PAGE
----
15. Nov 25, 2011 #14

    vela

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    There's a big difference between lower-division and upper-division courses.

    Since you're still in your junior year, why not just add physics as a second major or possibly as a minor? You could probably cram everything in before you graduate. At the very least, you should take classical mechanics, e&m, quantum, and statistical mechanics.
     
  16. Nov 25, 2011 #15

    atyy

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    I'm a biologist, but I did try the physics GRE years back (much easier than the Biology GRE). I 've no idea about physics grad school (probably much harder than biology grad school), but if you just want to try taking the test, maybe:

    Basic Mechanics: Kleppner & Kolenkow (the absolute best)
    Fancy Mechanics: Fetter & Walecka (just the first half), supplemented by Landau & Lifgarbagez when Fetter & Walecka are confusing
    E&M: Dugdale
    Waves: Lewin
    Thermo & Stat Mech: Schroeder, supplemented by Kardar when Schroeder is confusing
    Modern Physics: Beiser (just read quickly), supplemented by the special relativity parts of Rindler for concepts
    QM: Griffiths, supplemented by Peebles and Shankar when Griffiths is confusing
     
    Last edited: Nov 25, 2011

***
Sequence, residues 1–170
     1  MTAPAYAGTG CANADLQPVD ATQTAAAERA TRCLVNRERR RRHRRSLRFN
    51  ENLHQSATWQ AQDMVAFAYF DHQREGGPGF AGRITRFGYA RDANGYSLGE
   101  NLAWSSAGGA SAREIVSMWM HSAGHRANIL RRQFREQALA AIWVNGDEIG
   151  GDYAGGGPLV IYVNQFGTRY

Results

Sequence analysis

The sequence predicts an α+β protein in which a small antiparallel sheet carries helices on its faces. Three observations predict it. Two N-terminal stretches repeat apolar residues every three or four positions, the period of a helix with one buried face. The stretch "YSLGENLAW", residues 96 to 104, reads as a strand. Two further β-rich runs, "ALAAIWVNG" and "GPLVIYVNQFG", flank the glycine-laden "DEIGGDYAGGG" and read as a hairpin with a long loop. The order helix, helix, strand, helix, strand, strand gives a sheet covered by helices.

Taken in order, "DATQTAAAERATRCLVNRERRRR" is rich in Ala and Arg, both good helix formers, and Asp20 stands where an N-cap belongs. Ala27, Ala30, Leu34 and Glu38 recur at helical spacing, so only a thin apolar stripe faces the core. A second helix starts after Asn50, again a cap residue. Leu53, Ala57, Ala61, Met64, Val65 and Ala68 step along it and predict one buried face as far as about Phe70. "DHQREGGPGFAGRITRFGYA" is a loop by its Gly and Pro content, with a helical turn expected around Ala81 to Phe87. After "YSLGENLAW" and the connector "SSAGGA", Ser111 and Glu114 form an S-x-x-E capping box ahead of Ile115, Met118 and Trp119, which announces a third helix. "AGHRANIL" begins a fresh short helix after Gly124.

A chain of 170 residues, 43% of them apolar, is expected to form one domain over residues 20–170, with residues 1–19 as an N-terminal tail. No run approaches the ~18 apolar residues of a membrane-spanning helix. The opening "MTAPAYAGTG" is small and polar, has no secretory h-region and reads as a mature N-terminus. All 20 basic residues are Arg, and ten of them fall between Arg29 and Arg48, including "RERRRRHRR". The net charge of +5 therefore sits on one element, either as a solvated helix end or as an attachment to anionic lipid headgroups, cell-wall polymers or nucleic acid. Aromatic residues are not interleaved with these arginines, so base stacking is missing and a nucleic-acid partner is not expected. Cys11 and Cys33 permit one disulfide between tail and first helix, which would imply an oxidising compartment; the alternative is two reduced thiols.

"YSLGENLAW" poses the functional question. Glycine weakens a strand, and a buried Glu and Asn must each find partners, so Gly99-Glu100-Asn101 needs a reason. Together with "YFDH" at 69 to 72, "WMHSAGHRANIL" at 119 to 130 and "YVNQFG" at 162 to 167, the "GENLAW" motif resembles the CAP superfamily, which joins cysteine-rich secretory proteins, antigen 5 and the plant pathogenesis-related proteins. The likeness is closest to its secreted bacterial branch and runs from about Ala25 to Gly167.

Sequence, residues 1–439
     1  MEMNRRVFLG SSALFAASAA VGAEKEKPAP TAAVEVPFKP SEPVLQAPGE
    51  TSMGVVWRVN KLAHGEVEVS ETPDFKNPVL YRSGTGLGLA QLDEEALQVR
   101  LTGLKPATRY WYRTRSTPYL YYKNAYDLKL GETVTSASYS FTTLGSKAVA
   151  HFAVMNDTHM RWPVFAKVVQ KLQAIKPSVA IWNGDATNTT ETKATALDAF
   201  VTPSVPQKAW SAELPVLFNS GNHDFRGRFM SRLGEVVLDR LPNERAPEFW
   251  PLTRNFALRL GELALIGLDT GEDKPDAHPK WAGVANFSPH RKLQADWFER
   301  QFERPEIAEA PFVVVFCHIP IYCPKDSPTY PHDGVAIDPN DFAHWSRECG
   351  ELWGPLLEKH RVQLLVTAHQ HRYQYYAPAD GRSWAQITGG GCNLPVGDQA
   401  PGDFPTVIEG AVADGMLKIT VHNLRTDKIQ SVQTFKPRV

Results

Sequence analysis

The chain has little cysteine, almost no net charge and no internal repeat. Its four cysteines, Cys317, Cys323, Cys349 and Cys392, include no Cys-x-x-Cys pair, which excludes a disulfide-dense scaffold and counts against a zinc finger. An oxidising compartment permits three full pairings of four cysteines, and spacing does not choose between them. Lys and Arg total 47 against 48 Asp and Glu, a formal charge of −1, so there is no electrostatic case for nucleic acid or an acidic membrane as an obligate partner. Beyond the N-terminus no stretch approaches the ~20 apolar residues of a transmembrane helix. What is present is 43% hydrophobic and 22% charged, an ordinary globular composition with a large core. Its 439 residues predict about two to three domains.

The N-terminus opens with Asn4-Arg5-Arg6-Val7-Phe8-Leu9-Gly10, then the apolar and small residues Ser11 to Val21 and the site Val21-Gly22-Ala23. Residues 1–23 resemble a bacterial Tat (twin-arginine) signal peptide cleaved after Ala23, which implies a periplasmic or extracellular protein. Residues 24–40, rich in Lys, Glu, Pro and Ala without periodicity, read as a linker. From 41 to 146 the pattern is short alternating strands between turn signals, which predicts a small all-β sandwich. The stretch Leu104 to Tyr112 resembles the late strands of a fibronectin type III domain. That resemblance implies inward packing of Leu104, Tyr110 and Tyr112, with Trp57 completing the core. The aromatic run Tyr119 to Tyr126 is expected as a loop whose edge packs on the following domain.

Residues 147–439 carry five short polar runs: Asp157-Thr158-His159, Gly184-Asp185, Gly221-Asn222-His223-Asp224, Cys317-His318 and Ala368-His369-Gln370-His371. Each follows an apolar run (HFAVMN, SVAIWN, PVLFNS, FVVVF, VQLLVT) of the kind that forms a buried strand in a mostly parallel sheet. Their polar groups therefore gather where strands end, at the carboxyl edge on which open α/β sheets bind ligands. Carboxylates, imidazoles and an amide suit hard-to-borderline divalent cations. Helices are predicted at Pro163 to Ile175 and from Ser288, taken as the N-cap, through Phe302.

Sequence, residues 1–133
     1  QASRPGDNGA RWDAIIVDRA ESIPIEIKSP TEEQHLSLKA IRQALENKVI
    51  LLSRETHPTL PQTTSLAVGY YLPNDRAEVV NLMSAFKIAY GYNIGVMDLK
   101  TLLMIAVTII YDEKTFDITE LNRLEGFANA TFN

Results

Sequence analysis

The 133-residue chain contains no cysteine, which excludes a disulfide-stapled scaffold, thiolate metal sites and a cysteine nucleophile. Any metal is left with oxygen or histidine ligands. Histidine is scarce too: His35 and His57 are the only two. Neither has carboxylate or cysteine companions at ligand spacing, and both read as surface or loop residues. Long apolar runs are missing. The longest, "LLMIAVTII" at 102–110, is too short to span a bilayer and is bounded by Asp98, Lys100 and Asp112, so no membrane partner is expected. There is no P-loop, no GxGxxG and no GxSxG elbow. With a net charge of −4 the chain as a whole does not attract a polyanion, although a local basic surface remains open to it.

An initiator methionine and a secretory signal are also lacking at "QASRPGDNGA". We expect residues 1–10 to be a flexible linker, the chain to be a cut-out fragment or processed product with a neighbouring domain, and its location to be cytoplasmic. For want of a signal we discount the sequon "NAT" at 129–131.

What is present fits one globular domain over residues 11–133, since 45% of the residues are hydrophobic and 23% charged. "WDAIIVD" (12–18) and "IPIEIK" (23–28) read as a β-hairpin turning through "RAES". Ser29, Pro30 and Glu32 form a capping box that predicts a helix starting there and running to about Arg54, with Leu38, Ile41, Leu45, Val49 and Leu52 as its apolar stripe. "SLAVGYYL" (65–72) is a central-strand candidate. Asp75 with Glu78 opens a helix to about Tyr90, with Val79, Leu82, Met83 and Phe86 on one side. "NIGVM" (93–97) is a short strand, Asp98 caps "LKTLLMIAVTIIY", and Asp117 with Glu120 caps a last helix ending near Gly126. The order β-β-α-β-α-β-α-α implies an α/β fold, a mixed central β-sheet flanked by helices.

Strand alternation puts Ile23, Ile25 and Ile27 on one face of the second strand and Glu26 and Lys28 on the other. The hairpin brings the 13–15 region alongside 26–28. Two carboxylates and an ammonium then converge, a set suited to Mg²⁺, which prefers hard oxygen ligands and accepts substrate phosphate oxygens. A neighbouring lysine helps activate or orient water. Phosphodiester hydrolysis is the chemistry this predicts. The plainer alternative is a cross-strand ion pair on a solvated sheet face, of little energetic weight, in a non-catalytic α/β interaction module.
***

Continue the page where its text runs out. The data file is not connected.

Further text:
17. Nov 25, 2011 #16
    Dear SecretNile


    I posted a long sequence of what books/knowledge/skills you should have for grad physics and beyond at: https://www.physicsforums.com/showthread.php?t=540829
    At the top there is a short 8 page document for those at about the junior level interested in particles and fields (with a Word document), and then there is a long sequence of posts of a long Word document for going from junior level math/physics to grad physics and beyond (math/physics texts/references/key ideas/key skills). This, later, sequence is the sequence I have edited, thanks to great feedback and have available now. I haven't posted the reduced material yet, but I can email it to you (akalaniz AT gmail.com).

    (Both documents are there in that post, just scroll down.)

    (Note: Part 1 of the long document is on the limits of physics and math. Then Parts 2 & 3 are about the book lists and topics lists.)

    I feel the pain of some the other people who have replied. I got a piece of crap BS in physics from a liberal arts college, and got my butt kicked in grad school UT Austin. I ended up getting a pilot's license and joining the Air Force. Later, at the Air Force Research Laboratory in Albuquerque, I spent 4 years relearning my undergrad physics and undgrad math with the tutelage of a bunch of PhDs. It was mostly me that did self guided learning, but thanks to the PhDs, I had a heads up on what was required in grad school.

    After 4 years of self learning, I left the Air Force and knocked out a 4.00 MS Math, 36 hour non-thesis.

    Then it was back to physics grad school. The math helped, but not as much as you would think. Physics intuition/skills takes a lot of hard work. For example, Griffiths is a typical author of junior level E&M, and Jackson is the gold standard for graduate school. There's not much more in Jackson than in Griffiths when it comes to theory, but applications are far deeper in Jackson. It took me years working at an accelerator after my PhD to begin to appreciate the depth and beauty of Jackson.